In the first half of the season finale, Boston bungled a bit of navigation, Wil was bested by a yellow insulated lunchbox, and Tara breathed red fire, but Blake and Paige donned their asbestos Izod shirts and landed at the very last pit stop in first place. As the final leg started, Wil and Tara found themselves without their clue, and when they failed in their attempts to buddy it out of Boston or beg it from the Teeth, they resolved to just fly to Anchorage and follow someone around for a while like a couple of whiny four-year-olds asking to be taken to the zoo. Will it work? Can they recover from this potentially fatal mistake? Will Tara be mad at Alex for refusing to hand over the clue? Will everybody just keep their shirts on already? And, once and for all, who is going home with the big toy check?
A few rather spastic beauty shots of Hawaii welcome us to the second hour, and then we see all three teams board their flights in the general direction of Anchorage, starting with a long haul from Honolulu to San Francisco. Thanks, Amazing World Map! Where would I be without you? Or, I suppose, how would I know where I was without you? Phil helpfully reminds us that once they get to Alaska, the teams have to find Rust's Flying Service and instruct the pilot to fly them to Trapper Creek.
Cut back to the plane, and a priceless shot of Wil and Tara sitting, slumped and defeated, in their seats. Never has justice been so beautifully presented. Wil is actually clutching his forehead miserably over their insanely inept screw-up on the heels of twelve legs of relatively good play. Ha! He looks like he's had fourteen glasses of bad beer and a sound beating. I only wish. Phil wonders aloud whether they can recover, or whether Boston and the Teeth will find themselves in an Esquire/Danza-style two-team sprint to the finish. I certainly wish we could end this race like we did last season, with one of those Amazing Editor moments where we cut back from the finish line to Wil, tied to an anthill in the middle of the previous leg and still trying to finish the task, and then being handed a clue telling him it's all over. Unfortunately, I just don't think it's in the cards.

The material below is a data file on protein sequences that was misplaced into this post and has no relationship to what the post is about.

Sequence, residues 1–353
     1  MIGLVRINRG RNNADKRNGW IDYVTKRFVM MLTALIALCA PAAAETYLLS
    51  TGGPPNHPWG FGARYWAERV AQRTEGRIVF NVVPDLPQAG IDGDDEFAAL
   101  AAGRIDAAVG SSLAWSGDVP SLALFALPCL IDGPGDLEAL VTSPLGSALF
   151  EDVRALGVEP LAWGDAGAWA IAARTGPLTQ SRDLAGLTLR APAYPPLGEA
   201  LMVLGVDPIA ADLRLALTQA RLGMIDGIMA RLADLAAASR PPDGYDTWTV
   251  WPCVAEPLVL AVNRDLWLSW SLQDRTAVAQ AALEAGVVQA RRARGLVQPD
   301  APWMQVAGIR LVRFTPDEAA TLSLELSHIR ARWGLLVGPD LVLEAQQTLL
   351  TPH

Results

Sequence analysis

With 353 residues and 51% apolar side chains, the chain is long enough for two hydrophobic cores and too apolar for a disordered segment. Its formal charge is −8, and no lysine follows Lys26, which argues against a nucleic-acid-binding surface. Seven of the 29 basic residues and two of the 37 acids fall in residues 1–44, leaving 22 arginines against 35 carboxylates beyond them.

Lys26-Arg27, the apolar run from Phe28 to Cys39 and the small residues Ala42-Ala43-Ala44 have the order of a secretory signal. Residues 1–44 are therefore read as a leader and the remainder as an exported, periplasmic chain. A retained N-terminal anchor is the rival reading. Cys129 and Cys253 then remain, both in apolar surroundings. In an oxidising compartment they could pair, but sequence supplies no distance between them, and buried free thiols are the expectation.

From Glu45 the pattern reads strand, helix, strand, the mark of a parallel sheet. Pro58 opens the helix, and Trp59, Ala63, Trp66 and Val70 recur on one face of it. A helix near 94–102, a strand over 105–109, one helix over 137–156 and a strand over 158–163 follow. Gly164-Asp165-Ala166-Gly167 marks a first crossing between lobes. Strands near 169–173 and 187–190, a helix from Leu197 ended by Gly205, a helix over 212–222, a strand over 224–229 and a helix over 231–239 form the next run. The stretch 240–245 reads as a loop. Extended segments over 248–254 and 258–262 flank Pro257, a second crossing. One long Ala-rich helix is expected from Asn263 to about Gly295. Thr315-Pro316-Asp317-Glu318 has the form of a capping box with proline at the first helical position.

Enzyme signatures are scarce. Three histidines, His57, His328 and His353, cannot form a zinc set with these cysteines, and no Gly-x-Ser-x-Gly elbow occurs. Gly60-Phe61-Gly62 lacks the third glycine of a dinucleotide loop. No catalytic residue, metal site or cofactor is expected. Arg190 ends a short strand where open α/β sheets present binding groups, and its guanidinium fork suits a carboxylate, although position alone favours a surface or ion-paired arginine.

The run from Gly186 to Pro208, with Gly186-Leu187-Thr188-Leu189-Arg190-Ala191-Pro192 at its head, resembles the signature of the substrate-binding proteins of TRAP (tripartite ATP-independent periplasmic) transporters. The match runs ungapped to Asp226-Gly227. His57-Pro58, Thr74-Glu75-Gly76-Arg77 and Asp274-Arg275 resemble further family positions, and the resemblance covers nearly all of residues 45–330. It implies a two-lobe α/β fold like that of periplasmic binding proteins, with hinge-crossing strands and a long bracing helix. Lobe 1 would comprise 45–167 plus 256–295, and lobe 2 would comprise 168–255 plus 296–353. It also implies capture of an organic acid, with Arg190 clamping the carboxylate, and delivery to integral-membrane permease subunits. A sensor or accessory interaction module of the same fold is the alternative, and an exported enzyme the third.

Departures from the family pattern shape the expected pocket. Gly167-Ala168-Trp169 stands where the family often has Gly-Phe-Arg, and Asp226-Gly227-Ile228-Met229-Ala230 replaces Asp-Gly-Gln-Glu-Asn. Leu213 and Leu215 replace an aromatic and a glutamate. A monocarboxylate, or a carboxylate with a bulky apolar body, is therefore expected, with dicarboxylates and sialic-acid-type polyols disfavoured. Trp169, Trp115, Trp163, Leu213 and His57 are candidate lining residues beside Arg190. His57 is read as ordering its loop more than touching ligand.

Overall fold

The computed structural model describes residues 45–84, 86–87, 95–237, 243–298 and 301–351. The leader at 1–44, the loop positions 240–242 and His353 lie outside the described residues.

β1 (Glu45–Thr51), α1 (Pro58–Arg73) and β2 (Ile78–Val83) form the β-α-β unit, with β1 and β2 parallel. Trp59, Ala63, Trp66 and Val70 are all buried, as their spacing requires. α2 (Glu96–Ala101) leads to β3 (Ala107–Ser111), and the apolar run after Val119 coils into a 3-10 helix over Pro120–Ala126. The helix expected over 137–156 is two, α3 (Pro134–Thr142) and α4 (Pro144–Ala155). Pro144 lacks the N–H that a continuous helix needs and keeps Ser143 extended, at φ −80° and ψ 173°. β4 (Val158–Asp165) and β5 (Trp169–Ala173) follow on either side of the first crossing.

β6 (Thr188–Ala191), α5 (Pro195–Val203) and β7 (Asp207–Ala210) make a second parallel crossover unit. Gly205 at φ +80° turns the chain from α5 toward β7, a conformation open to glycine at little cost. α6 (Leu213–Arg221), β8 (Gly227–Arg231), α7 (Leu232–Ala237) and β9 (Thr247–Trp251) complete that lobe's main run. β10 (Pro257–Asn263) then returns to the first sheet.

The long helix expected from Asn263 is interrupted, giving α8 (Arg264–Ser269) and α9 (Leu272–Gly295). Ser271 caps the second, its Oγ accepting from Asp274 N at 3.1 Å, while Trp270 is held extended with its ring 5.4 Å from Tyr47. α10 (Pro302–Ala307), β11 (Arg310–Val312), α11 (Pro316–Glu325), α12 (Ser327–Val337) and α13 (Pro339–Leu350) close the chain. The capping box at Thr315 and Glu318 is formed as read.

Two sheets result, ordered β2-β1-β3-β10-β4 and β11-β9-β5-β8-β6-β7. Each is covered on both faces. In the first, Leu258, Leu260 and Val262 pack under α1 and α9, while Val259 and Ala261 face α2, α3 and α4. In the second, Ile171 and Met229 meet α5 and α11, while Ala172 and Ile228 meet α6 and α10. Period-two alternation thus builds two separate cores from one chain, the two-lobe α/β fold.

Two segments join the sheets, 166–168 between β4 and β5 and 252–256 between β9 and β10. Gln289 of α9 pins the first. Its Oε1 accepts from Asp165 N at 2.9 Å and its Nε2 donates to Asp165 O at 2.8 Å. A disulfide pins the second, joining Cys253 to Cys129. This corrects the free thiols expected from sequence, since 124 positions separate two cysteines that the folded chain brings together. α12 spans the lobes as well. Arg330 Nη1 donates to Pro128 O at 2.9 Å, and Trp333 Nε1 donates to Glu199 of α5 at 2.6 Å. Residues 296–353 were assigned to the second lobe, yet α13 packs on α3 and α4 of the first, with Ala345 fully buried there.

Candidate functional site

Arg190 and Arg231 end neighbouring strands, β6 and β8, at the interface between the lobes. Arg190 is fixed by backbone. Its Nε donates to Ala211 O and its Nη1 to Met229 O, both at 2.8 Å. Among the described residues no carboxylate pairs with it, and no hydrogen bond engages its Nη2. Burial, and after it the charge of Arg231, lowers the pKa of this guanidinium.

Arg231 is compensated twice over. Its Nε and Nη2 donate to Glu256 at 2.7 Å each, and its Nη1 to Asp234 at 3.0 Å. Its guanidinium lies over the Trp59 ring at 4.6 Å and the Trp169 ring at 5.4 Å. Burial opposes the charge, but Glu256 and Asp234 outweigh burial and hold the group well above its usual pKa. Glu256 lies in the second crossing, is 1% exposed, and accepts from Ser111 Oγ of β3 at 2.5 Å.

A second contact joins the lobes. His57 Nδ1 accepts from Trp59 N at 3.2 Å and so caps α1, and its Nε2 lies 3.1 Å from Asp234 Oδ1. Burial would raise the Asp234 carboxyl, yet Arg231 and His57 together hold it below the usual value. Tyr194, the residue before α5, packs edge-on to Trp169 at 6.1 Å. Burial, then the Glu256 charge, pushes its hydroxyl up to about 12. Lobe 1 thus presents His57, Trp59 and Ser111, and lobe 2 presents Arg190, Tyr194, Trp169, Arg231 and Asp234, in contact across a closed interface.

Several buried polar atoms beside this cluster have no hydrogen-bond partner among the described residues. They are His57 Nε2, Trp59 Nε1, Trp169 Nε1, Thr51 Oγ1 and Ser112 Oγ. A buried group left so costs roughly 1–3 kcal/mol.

Wil interviews on the plane that "it's going to be really hard to continue in this game without a clue." You know, the number of "clueless" and "without a clue" and "no clue" jokes being presented by this storyline are just knocking me over. It doesn't feel sporting, though -- it's like hunting squirrels with a Sherman tank. Furthermore, this shot of Wil is taken from about two inches from his face, and I really do not appreciate that. I do not need to see up his nose. Anyway, the very haggard Wil vows to get an Alaska guidebook of some kind so he can try to figure out where they're supposed to go. That's it! Persevere, Wil! Yours is a noble struggle! Well, it's not "noble," but the "struggle" part is kinda funny. Meanwhile, Tara and Alex nuzzle and rub noses, apparently not concerned about the previous clue controversy. I'm not sure whether it seems really healthy or really bizarre that neither of them seems to care about the fact that she pressured him to give her the clue, or the fact that he said no. I suppose it's unique to the situation. Hardly worth questioning these people's sanity now. Wil stares straight ahead miserably. Boy, is this what bringing a man to his knees looks like? I'm not sure I was ready.
San Francisco, 2:04 PM. The plane touches down. Everybody runs through the airport, and then Wil and Tara duck into a bookstore to do some research. (And that's research in the sense of actual research, as opposed to research in the sense of "strategizing.") Wil picks up a book about Alaska. He holds it up to the camera with a look that appears to be grim determination. Or else the airplane food was a little gamey. I'm always suspicious of those little crackers. Anyway, Tara browses, looking at a different book. She explains that she's trying to see whether anything rings a bell. I'm thinking she must at least remember that they were looking for a place with planes, because I can't believe she's looking at everything in Anchorage.